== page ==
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Theoretical Physicist Lawrence Krauss to Speak at YBC

skickad 19 maj 2009 00:25 av Daniel Lundqvist   [ uppdaterad 28 maj 2009 04:46 ]

Lawrence Krauss

We are pleased to announce that physicist Lawrence Krauss will give a 90 min. interactive lecture to the YBC students on Friday morning, 5 June, followed by a reception for teachers and students.  The lecture will cover aspects of general relativity, the origin and expansion of the universe and dark matter.

Professor Krauss is an internationally known theoretical physicist with wide research interests, including the interface between elementary particle physics and cosmology, where his studies include the early universe, the nature of dark matter, general relativity and neutrino astrophysics.  He has long been an advocate of the public understanding of science and improving the quality of science education at all levels.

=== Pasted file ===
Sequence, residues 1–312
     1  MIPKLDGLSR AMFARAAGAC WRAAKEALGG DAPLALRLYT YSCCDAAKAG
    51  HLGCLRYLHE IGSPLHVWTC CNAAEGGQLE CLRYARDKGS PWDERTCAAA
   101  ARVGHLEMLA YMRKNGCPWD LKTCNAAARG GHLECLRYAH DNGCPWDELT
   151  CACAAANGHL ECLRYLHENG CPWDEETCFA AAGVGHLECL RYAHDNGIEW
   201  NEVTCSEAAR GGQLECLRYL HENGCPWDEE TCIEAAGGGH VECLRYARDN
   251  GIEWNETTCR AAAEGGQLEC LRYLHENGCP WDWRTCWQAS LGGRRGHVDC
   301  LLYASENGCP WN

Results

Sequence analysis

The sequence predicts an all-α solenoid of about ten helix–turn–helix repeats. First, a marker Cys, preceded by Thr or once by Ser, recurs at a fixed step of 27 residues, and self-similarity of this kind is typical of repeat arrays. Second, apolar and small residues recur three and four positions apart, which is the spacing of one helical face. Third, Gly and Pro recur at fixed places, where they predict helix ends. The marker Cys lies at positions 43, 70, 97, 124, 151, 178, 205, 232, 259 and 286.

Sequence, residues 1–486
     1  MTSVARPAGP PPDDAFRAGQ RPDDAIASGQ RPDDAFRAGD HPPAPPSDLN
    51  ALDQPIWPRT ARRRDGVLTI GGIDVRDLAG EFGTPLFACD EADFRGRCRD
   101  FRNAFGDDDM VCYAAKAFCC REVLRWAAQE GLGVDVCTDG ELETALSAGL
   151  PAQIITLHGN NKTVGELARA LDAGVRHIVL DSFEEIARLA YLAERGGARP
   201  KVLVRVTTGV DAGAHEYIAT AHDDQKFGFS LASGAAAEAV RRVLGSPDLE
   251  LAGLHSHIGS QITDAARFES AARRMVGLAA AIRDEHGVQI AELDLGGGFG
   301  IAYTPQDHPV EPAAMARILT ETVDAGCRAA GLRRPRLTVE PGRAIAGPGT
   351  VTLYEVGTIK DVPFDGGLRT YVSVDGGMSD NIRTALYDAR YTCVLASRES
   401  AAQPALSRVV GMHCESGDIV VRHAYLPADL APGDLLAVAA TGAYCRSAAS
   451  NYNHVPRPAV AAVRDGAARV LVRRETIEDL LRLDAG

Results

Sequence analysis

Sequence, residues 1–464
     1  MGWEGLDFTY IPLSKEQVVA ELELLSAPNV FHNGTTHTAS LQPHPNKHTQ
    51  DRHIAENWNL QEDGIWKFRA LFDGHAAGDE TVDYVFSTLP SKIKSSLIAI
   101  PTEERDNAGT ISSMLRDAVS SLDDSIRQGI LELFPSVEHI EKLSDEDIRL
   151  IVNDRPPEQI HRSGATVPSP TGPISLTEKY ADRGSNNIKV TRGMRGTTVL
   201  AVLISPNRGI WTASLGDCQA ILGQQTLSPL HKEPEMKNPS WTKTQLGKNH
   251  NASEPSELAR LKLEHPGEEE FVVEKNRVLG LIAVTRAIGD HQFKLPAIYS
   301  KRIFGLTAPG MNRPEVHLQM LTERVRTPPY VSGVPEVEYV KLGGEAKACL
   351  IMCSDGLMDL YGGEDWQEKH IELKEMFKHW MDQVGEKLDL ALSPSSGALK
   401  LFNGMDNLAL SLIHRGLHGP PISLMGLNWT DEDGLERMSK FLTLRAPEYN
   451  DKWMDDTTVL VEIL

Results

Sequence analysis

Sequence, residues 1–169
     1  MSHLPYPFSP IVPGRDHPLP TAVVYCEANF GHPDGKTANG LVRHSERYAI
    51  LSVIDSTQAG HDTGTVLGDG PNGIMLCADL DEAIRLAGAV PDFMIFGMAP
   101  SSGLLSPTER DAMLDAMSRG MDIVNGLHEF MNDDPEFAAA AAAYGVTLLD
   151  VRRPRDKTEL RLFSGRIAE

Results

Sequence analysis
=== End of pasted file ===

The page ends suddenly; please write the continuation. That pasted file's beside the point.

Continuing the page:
After receiving his Ph.D. in Physics from MIT, he joined the Harvard Society of Fellows and then the faculty of the Physics and Astronomy departments at Yale University.  From 1993-05 he served as the Chairman of the Physics department at Case Western Reserve University.  In 2008 Krauss took up a new post as Foundation Professor in the School of Earth and Space Exploration and Physics Department, and Inaugural Director of the Origins Initiative at Arizona State University.  Krauss is a Fellow of the American Physical Society and of the American Association for the Advancement of Science.

Prof. Krauss is the author of over 250 scientific publications, as well as numerous popular articles on physics and astronomy and has also received numerous awards for his research and writing.  In his recent Scientific American article (March 2008) The End of Cosmology? he reflects on the ultimate fate of the universe many billions of years into the future.  Below is a link to this article (it’s only 8 pages) and students might want to read it before the lecture.

His popular books include Hiding in the Mirror (2005), Atom: An Odyssey from the Big Bang to Life on Earth...and Beyond (2001), The Physics of Star Trek (1995) and The Fifth Essence: The Search for Dark Matter in the Universe (1989).

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Daniel Lundqvist,
27 maj 2009 07:39
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